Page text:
Motube also revealed that they are also investigating a case in which a 69 year old Motswana woman from Molepolole- who is a victim of the scam- lost over P62 000 last week Friday to the said perpetrators.
“The Criminal syndicate introduced themselves as CID officers investigating a case of robbery where a man accompanying the woman was the suspect.’’
They subsequently went to the woman’s place and took cash amounting to over P12 000 and further swindled amount of P50 000 from the woman’s bank account under the pretext of the further investigations.
In addition, Motube said they are currently investigating the matter and therefore warned the public to be vigilant of such characters and further reminds the public that no police officer would ask for bank cards and PINs during the investigations.
Botswana Congress Party (BCP) leadership walked out of Umbrella for Democratic Change (UDC) National Executive Committee (NEC) meeting this week on account of being targeted by other cooperating partners.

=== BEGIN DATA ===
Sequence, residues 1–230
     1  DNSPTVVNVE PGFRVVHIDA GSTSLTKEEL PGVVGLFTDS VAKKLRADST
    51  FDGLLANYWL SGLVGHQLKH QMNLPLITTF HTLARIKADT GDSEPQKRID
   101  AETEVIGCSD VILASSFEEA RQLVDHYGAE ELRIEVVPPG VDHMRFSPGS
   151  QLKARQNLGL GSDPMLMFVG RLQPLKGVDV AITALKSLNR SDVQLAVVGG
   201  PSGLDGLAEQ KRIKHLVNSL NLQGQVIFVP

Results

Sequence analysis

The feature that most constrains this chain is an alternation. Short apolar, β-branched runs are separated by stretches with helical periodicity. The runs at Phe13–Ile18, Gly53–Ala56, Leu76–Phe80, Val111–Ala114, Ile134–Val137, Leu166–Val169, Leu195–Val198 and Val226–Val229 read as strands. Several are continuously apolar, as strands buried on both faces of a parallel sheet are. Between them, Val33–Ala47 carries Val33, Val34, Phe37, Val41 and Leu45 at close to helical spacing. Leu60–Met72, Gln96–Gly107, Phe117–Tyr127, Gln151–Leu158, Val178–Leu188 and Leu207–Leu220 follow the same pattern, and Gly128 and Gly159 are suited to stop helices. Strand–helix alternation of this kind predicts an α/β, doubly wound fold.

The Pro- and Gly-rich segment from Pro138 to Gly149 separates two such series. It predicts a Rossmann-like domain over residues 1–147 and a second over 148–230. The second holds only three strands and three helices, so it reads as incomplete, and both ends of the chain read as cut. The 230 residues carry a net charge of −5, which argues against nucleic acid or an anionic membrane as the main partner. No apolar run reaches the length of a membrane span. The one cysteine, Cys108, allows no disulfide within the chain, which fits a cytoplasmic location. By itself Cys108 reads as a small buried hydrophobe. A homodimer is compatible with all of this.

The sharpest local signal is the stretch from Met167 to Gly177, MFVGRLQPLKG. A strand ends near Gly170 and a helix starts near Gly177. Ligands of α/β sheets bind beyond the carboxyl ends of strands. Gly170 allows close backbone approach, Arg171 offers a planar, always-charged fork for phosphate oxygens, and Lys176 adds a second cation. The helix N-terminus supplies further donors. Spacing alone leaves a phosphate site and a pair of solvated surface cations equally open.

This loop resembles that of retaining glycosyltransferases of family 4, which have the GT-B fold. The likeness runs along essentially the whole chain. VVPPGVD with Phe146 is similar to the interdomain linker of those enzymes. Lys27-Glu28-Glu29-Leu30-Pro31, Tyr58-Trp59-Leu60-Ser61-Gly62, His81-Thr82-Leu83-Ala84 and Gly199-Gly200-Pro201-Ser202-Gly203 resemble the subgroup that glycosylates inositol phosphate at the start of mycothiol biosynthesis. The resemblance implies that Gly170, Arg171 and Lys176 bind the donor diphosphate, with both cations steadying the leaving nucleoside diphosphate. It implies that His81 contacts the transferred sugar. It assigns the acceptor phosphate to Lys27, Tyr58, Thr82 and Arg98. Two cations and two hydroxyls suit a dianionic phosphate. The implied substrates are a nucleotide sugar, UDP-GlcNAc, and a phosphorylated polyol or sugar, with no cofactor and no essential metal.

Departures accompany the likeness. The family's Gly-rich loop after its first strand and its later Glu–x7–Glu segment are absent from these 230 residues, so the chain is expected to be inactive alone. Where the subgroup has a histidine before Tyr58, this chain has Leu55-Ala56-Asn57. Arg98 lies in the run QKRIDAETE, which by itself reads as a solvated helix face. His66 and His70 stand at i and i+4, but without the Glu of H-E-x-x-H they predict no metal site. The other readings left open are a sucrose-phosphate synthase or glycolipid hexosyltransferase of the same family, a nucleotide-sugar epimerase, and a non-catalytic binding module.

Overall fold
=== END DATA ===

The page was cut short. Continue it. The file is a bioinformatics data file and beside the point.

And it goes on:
UDC meet for the first time since 2020 after previous futile attempts, but the meeting turned into a circus after other members of the executive pushed for BCP to explain its role in media statements that disparate either UDC and/or contracting parties.
The Director General of the Directorate on Corruption and Economic Crimes (DCEC), Tymon Katlholo’s spirited fight against the contentious transfers of his management team has forced the Office of the President to rescind the controversial decision. However, some insiders suggest that the reversal of the transfers may have left some interested parties with bruised egos and nursing red wounds.
The transfers were seen by observers as a badly calculated move to emasculate the DCEC which is seen as defiant against certain objectionable objectives by certain law enforcement agencies – who are proven decisionists with very little regard for the law and principle.